Similarly, during the Great Depression, President Franklin Roosevelt and Congress devised the Civilian Conservation Corps that used public funds to employ and train out-of-work young people to create and build public works. The CCC supported families, cared for natural resources and built marvelous public works such as Osage Hills State Park in Oklahoma. Another of the marvelous public works products was Hoover Dam, built between 1931-1935. Roosevelt and Congress took a crisis and used it to develop millions of acres for agricultural and recreational purposes.

The reality is America did not avoid COVID-19. If there is anyone to blame, what good does it do to waste our energies and resources pointing our fingers and wringing our hands? Many people are already sacrificing, working, researching and striving to help themselves and others survive. As Patrick Henry exhorted his Colonial colleagues when the British were coming: “Our brethren are already in the field. Why stand we here idle?”

Or as that great public works president Theodore Roosevelt said: “It is not the critic who counts … The credit belongs to the [one] who is actually in the arena.”

In other words, let us recognize COVID-19 not only as the terror it is but also as an opportunity forced upon us. If we must spend trillions of dollars of our treasure helping our 35 million who are unemployed through no fault of their own, maybe we can invest in new Hoover Dams while educating and re-training the unemployed for our new society. Many economists predict at least a third of that 35 million will not be able to return to their old jobs or businesses. Yes, we should help one another, but most people prefer an opportunity to a dole. Our world is not going to return to 2019. Perhaps we can prepare for the “Brave New World” fate is casting upon us. America need not become the Rome described by English historian Edward Gibbon (1737-1794) in his six-volume classic, The Decline and Fall of the Roman Empire. With the proper and imaginative application of our resources perhaps we can transform, not decline.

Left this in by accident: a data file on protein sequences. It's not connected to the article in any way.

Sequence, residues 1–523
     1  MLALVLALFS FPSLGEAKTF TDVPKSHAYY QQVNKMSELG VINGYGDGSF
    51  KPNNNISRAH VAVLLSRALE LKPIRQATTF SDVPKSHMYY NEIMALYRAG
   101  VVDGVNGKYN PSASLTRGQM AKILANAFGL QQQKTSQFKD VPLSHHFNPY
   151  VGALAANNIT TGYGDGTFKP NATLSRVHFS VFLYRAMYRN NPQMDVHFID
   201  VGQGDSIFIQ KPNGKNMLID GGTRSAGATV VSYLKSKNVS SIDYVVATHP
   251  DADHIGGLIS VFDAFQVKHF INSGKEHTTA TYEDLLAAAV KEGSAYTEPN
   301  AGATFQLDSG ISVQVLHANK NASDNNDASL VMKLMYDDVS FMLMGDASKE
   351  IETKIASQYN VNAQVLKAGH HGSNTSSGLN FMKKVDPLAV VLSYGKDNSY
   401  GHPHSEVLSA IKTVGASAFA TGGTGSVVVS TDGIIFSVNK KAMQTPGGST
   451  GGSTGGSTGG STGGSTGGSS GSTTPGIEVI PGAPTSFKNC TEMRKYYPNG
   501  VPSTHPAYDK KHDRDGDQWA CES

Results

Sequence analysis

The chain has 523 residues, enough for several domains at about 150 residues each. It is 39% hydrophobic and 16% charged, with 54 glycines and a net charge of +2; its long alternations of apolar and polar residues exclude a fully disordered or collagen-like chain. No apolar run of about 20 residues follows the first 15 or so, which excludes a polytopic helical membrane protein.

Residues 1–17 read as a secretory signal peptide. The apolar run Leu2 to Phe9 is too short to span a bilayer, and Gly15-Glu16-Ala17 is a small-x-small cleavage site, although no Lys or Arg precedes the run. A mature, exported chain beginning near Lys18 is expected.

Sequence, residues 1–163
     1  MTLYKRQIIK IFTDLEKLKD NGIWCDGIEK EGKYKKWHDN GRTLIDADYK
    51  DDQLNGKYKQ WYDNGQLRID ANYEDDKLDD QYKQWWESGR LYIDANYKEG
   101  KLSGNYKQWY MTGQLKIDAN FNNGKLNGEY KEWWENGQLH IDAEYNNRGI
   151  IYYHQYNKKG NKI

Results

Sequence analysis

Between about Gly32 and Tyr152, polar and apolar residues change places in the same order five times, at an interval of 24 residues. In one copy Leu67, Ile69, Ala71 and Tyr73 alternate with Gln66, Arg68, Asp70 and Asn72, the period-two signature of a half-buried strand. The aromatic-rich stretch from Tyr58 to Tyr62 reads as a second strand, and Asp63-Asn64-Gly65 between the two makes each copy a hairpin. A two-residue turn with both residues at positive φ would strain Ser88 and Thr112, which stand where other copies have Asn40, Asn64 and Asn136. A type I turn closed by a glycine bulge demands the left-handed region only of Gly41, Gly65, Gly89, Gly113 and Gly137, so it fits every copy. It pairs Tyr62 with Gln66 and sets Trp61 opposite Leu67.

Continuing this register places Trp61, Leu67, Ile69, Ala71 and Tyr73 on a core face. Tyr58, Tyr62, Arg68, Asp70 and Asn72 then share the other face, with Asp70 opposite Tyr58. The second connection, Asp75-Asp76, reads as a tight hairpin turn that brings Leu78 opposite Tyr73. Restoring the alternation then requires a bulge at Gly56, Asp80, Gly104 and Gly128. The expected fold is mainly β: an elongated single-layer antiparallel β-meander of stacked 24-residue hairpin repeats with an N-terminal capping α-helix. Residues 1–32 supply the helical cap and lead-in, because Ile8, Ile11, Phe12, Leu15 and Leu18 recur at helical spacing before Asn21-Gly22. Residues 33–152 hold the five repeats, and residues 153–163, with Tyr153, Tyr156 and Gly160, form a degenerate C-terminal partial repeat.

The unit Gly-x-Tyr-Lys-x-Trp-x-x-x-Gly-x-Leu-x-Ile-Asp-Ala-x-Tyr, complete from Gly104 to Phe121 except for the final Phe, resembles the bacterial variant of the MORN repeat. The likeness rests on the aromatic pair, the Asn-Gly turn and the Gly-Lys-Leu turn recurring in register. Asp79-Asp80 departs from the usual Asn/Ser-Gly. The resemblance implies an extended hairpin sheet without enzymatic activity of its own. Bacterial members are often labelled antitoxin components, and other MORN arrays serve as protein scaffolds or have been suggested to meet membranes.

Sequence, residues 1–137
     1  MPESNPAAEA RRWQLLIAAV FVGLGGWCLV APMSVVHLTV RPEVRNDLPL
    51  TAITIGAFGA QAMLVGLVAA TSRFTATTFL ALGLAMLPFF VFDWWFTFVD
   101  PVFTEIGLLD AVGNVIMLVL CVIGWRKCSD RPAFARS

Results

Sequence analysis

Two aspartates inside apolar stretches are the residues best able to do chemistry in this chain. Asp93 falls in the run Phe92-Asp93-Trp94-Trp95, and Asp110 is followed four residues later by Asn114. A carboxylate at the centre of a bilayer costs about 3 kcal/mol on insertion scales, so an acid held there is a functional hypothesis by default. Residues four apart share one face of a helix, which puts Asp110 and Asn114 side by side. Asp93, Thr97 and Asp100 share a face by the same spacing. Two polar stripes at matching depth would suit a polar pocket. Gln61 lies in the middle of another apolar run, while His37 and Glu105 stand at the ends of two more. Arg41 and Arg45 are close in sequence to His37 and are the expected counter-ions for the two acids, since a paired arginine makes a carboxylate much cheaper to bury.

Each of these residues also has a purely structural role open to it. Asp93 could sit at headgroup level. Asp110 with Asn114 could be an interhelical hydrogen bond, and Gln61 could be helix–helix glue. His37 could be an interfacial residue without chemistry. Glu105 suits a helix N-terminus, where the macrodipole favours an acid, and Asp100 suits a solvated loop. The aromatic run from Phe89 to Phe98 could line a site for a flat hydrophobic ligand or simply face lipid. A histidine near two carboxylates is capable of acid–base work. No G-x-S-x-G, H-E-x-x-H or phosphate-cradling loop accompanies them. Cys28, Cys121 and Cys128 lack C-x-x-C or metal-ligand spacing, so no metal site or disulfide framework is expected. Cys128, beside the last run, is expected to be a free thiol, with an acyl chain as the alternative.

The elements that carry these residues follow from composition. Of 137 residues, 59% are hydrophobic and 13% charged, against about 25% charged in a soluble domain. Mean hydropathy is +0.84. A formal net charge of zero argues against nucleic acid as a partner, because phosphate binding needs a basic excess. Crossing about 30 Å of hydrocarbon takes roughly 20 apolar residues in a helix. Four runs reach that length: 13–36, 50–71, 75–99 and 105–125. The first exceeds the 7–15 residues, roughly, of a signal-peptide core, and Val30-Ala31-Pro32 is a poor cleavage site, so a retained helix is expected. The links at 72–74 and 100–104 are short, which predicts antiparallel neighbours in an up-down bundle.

— James (Jim) M. Redwine was born in Pawhuska, Osage County, Oklahoma. He is a graduate of Pawhuska High School, Indiana University, I.U. School of Law, the Indiana Graduate Judges College and the National Judicial College. He lives at JPeg Osage Ranch in rural Osage County, Oklahoma with his wife, Peg. Jim and Peg have 3 grown children, 7 grandchildren and one great-grandchild.